13. What master farceur worked 18 vintage Gershwin songs into the musical Crazy For You?

(a) Ray Cooney

(b) Georges Feydeau

(c) Ken Ludwig

(d) Michael Frayn

14. Jesus Christ Superstar, which had a compelling production at the Mayfield this season, started out as a…

(a) concept album

(b) workshop production

(c) poetry collection by T.S. Eliot

(d) novel by Colm Tóibin

15. Cannibalism figured prominently in which of the following productions of last season?

(a) Love’s Labour’s Lost

(b) Star Killing Machine

(c) Bust

(d) The Fall of the House of Atreus

16. Which of the following productions seen last season in Edmonton was not a musical?

(a) Bust

(b) Star Killing Machine

(c) Bonnie and Clyde

(d) Bone Wars

17. The feuding couple in Bone Wars were…

(a) orthopedic surgeons

(b) paleontologists

(c) musical theatre writers

(d) Weimar cabaret puppets

18. In Irma Voth, two oppressed sisters flee the family home and escape to…

(a) Deadrock, Nevada

(b) New York City

(c) Duluth, Minnesota

(d) Mexico City

19. Which of the following musical legends does not appear in Million Dollar Quartet, directed by Ted Dykstra at the Citadel this season?

(a) Elvis Presley

(b) Carl Perkins

(c) Buddy Holly

(d) Jerry Lee Lewis

20. Which of the following productions featured cross-gender casting in the starring role?

(a) Henry V

(b) Stupid Fucking Bird

(c) Irma Voth

(d) Sister Sister

21. Which of the following theatre companies turns 35 this year?

(a) Teatro La Quindicina

(b) Blarney Productions

(c) Die-Nasty

(d) Toy Guns Dance Theatre

22. In which of the following Stewart Lemoine comedies does a common vegetable have unusual prominence?

(a) What Gives?

(b) Cocktails at Pam’s

(c) Witness to a Conga

(d) Caribbean Muskrat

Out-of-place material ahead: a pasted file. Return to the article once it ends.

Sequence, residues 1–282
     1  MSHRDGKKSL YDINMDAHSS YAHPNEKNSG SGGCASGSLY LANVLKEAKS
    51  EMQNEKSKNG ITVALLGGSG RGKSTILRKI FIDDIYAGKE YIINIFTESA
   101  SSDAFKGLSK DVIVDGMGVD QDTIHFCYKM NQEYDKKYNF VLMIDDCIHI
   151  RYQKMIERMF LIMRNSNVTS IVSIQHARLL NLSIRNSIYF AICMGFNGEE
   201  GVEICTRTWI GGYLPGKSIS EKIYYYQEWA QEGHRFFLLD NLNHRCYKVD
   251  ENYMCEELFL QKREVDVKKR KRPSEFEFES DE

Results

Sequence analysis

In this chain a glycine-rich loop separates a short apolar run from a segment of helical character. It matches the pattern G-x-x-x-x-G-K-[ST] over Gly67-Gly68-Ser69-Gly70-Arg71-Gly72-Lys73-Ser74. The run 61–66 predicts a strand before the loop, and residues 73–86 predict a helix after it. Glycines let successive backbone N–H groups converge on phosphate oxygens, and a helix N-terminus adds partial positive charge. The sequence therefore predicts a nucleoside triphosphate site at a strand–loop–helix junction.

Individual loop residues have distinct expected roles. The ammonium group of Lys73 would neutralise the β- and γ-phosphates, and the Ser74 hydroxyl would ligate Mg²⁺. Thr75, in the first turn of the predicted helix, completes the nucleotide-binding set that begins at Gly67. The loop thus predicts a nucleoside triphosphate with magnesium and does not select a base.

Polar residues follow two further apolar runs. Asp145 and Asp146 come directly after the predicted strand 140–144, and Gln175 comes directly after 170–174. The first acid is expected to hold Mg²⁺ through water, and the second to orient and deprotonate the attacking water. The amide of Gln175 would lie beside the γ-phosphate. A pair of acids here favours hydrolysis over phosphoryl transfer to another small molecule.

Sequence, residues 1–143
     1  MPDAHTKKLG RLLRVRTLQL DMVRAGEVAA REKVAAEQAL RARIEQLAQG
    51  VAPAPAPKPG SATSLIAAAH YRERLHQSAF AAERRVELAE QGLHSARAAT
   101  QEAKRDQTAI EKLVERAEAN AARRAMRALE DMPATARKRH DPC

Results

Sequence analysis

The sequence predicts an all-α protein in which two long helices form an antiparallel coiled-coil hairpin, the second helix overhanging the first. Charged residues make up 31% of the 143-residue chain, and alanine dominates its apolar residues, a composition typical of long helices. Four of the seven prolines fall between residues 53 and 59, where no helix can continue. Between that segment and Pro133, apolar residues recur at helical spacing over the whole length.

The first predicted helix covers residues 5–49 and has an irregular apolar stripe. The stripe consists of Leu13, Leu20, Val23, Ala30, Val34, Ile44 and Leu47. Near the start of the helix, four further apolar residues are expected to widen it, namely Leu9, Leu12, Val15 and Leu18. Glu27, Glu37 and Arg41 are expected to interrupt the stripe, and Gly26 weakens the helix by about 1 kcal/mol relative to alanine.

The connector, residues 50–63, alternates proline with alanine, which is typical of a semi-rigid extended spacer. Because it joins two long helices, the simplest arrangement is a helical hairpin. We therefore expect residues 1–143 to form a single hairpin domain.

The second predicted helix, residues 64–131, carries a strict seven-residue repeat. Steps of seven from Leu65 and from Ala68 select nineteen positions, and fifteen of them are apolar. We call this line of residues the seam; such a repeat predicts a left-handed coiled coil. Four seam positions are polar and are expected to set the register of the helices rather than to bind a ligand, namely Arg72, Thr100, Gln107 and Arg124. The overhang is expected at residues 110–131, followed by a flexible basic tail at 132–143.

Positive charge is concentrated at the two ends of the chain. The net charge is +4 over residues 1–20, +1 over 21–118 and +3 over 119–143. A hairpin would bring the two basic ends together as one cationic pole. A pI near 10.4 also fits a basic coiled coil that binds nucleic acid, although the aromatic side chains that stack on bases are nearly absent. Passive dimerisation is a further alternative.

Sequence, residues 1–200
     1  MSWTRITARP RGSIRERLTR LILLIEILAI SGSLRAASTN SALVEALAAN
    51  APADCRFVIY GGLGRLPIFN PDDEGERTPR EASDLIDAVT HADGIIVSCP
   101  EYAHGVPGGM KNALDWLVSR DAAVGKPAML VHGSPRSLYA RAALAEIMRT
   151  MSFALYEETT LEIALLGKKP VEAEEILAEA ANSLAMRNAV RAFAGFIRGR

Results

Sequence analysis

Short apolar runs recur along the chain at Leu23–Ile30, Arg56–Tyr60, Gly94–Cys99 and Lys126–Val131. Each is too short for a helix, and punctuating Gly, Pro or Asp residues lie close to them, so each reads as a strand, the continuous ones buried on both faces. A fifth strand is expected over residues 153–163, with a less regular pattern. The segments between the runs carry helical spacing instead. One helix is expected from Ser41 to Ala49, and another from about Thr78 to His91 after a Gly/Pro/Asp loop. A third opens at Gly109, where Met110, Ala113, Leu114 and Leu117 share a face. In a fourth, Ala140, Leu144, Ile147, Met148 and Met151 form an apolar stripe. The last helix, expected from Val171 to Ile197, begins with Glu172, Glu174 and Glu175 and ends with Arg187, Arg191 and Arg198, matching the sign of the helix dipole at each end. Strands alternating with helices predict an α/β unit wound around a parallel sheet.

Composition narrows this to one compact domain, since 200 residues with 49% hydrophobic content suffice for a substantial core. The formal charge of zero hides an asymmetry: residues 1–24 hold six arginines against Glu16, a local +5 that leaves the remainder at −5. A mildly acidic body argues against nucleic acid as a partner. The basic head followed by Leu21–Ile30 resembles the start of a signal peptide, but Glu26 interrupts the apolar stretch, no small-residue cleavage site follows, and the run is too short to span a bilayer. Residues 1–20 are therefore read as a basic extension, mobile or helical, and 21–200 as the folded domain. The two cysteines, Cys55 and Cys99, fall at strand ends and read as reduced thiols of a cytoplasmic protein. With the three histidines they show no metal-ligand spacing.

23. Match the designer to the production:

The designers: Chantel Fortin, Alison Yanota, Megan Koshka, Cory Sincennes

The shows: Bust, Witness to a Conga, 9 Parts of Desire, Fortune Falls

24. The characters in 9 Parts of Desire, produced by The Maggie Tree this past season, reflect on…

(a) war

(b) teenage sexuality

(c) the growing opioid crisis

(d) climate change

25. Which of the following does not contain a play within a play?

(a) For The Love of Cynthia

(b) Irma Voth

(c) Stupid Fucking Bird

(d) Art

26. Which of the following has a concert pianist character?

(a) The Curious Incident of the Dog in the Night-Time

(b) Witness to a Conga

(c) Bust

(d) Sense and Sensibility

27. The Preacher, The Princess, And A Crow, which premiered in an Azimuth production, takes place in…

(a) a bird sanctuary

(b) a church

(c) an apartment

(d) a university comparative literature department

28. Which of the following plays contains a character named Joyous?

(a) The Believers

(b) What Gives?

(c)  Star Killing Machine

(d) Peter Fechter: 59 Minutes

29. Fire played a crucial role in which of the following?

(a) Cocktails at Pam’s

(b) The Preacher, The Princess, And A Crow

(c) Bonnie & Clyde

(d) Bust

 

30. At which of the season’s productions did you have the most fun?

Just kidding. There’s no wrong answer, my friends.

No peeking in advance! The answers: 1 (d), 2 (a,c), 3 (d), 4 (c), 5 (b), 6 (d), 7 (a), 8 (d), 9 (d), 10 (a), 11 (c), 12 (b), 13 (c), 14 (a), 15 (d), 16 (a), 17 (b),  18 (d), 19 (c), 20 (a), 21 (a), 22 (b), 23 Chantel Fortin and Witness to a Conga, Alison Yanota and 9 Parts of Desire, Megan Koshka and Fortune Falls, Cory Sincennes and Bust, 24 (a), 25 (d), 26 (b), 27 (c), 28 (a), 29 (d), 30 (a, b, c, d) All 30 correct? Congrats, you never stay home! 15 correct? Congrats, you are no couch potato! Less than 5 correct? You really need to get out more. This is a live theatre town. And you are missing out!

 

 

 

 

 

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Losing yourself at Found, the festival of art in unexpected places

Found Festival 2016. Photo by Mat Simpson.

By Liz Nicholls, 12thnight.ca

Unexpected things happen when you take theatre out of theatres. 

And we have a festival for that. The Found Festival returns Thursday to Old Strathcona for a sixth annual weekend of strange and surprising encounters, up close, with art and artists — in places you never expected to meet them.

You could find yourself in Mill Creek Ravine, for example, wandering through a magical dancing Ukrainian folktale. Or on a Whyte Avenue rooftop watching a play about forgiveness and revenge. Or in a hotel room paying tribute to the late great Leonard Cohen. Or having a dance/theatre experience in the glass public washrooms on the corner of Whyte and Gateway.

Or this: you could have a one-on-one eyeball-to-eyeball, encounter with a brave playwright up-and-comer who will create something just for you, personally, on the spot. Art doesn’t come more attentive to its audience than that.